The Christian purpose is for deep character change through deep friendship. People want a compatible soul-mate... who will accept me the way I am and whom I can accept and appreciate just the way they are; someone who won't try to change me. If you want that, that's why you're not married yet. You want someone low-maintenance who won't change and won't try to change you. But no such person exists, and you're not that way either. You pose like someone who is, but you're not; you've got flaws. What might some flaws be?

  • fearful person with tendency to anxiety
  • proud person who tends to be selfish
  • inflexible person who tends to be demanding
  • undisciplined person who tends to be unreliable
  • perfectionistic person who tends to be too critical of others
  • impatient, irratible person who tends to hold grudges
  • a cowardly person who tends to twist the truth to look good
Everyone comes into marriage with these kinds of things. Your parents told you, your siblings told you, but you didn't really believe them. But you get married, and those issues that caused small problems now cause big problems. Marriage doesn't create flaws, it reveals them.

Hauerwas says, we assume there's someone out there who's just right for us, but this overlooks the fact that we always marry the wrong person.

Marriage is a huge thing and it changes us. So we change. Hence even if you could find someone compatible to marry, after you've been married awhile, they won't be any more! So what are the Christian responses to this?

  • First, not to be surprised, because the Christian view is we're all selfish. Think Kim Kardashian. Embrace the conflict.
  • Don't look for a finished statue, look for a great block of marble. You want to be in love with the person as they are, but you want to love the person they're becoming. Don't overdo what they look like, as that'll change. Don't focus too much on their character as it is today, but who they could become!
  • Look for someone who could be your best friend. Remember that great friendship doesn't come out of great sexual chemistry; it's other way around. The praise of the praiseworthy is its own reward.

    The feeling I got the first time I kissed her was shallow; it was all ego. It wasn't about her; I had no idea who she was. It was about me, the thrill that she liked me. Now it's like a deep river that makes no noise, vs a babbling brook one inch deep.

The secret of marriage

To be able to love your spouse for periods when you're getting very little back. They might be discouraged, sick, absorbed in their problems. Very important to keep on giving love. That takes a source of love from outside.

Seen this happen a lot of times: give to child, don't get much back, but you give and you sacrifice [etc] anyway for 18 years. These actions engender deep feelings of love. But your spouse -- if you don't love me the way I want, I won't love you the way you want, and at the end of 18 years, you love your kid, you don't love your spouse, and the marriage falls apart.

And it's your fault because what you did with your kid you didn't do with your spouse. "Love philanthropy." Financial philanthropy possible when you got a lotta money. Love philanthropy possible if you got a lotta love from God.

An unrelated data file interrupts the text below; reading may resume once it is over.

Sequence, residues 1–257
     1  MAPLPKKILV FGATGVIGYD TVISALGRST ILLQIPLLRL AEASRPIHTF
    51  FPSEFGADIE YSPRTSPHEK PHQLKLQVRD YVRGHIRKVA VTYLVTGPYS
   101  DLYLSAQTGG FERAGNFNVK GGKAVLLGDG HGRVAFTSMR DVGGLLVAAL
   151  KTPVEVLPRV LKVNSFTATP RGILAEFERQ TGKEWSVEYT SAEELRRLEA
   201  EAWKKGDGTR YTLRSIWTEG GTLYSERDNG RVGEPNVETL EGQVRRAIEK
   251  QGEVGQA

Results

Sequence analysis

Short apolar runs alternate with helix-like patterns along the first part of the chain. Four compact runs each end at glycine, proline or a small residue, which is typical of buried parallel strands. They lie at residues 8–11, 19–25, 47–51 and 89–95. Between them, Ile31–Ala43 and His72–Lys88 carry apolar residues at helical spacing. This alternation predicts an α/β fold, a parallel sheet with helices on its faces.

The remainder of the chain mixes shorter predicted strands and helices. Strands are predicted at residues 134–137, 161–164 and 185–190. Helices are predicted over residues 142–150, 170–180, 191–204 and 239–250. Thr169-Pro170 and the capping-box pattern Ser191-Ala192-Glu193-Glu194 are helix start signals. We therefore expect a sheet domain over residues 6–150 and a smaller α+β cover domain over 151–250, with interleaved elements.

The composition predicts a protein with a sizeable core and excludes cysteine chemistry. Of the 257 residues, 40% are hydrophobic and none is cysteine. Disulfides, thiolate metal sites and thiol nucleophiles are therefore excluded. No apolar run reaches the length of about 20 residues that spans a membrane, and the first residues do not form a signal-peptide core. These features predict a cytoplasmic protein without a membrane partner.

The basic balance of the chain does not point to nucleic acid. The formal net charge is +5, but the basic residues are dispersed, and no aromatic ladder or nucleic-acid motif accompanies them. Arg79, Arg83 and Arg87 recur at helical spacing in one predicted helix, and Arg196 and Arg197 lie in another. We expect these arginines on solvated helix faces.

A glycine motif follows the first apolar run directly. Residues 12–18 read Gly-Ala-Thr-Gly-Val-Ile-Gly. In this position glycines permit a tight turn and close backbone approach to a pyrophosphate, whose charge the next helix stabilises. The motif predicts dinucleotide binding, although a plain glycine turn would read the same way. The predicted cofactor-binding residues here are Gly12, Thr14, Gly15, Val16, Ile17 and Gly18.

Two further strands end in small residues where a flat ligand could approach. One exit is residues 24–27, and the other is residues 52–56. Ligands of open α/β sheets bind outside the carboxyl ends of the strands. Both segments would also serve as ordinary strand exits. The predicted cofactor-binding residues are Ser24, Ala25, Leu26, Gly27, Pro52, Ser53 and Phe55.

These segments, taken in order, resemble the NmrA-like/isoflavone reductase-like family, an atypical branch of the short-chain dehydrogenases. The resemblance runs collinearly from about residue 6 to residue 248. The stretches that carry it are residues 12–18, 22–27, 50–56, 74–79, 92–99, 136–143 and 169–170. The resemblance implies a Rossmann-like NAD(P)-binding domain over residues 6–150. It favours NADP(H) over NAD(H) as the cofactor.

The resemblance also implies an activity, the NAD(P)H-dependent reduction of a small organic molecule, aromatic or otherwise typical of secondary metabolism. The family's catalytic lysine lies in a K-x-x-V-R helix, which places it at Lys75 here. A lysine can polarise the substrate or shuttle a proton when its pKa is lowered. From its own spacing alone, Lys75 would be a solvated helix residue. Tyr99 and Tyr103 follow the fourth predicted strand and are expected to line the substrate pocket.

Christ loved us not because we were lovely but in order to make us lovely.


  • On finding a spouse, not just physical; what criteria? 4 or 5?

    First, someone who really understands you, maybe better than you know yourself. Who isn't surprised by your reactions. Second, someone you can already solve problems with -- had a serious conflict, solved it in a way satisfactory to both people.

    btw if your faith is important to you, then for somebody to "get" you they have to share your faith.

  • I think we have a great marriage, my husband would say I have a lot of flaws and am not making real good progress. How can I change? I think I'm trying but it's harder than I thought.

    If you agree on what needs to be changed, then 2/3 of your problem's over; you just need a coach. You might want to get a 3rd party involved. You need add'l fellowship.

  • Love analogy of truck exposing stress fractures in a bridge; kids are like a 2nd truck. Your perspective on that?

    You spend more time together but you're not talking with each other as much as talking through the kids. Probably not so much disagreements about children, but time. You might travel less, work fewer hours, to get time with family -- but time with my wife very specific.

    Mothers get a lot of their "skin hunger" addressed with kids and don't have as much desire for physical intimacy as husbands have. Husbands' desire is less complex.

  • Criteria... sounds like it could take a long time to be sure about that.

    If you go to a film, have dinner, that's maybe an hour of conversation; doesn't have to take a whole lotta time.
    At other end, you describe the case of both spouses withdrawing, and it's been going on 18-20 years, what do you do?

    Too general a case. There are grounds for divorce so I don't know that you absolutely can work it out. Intervention.

  • About attraction -- ego rush vs real love?

    Ego rush is inevitably there. If the main thing that attracts you is physical (women disproportionately look at height and economics; men likewise disproportionatelylook at body and face)... you need something more.

  • Role of dating? Dating vs engagement etc?

    Nothing in Bible about dating. Lots about marriage in the Bible. All I can tell you is, get a picture of marriage and let that affect dating. As you get older, probably you shouldn't be dating if in your view there's no way you could get married to that person.

  • Advice for an engaged couple? Not premarital counseling.

    The book is basically about that. So don't get discouraged in the short term. The basic cancer is self-centeredness. It's not "I've got into conflict w/spouse; marriage has brought me into conflict with my self-centeredness." Mission of marriage: become best friends and figure out how that happens. Look at sex as a covenant renewal ceremony, or covenant cement.

    Sex outside marriage is no preparation for sex within marriage. They're completely different.

  • What you've said about marriage, most of that would apply to gay marriage. What role in society?

    Christian view of marriage is that it's between a man and a woman, because primary mission connected with bringing together people of diametrically opposed genders. We clash and mesh. It's intrinsic to the Christian idea of marriage. My wife teaches me things that I could not learn from another man.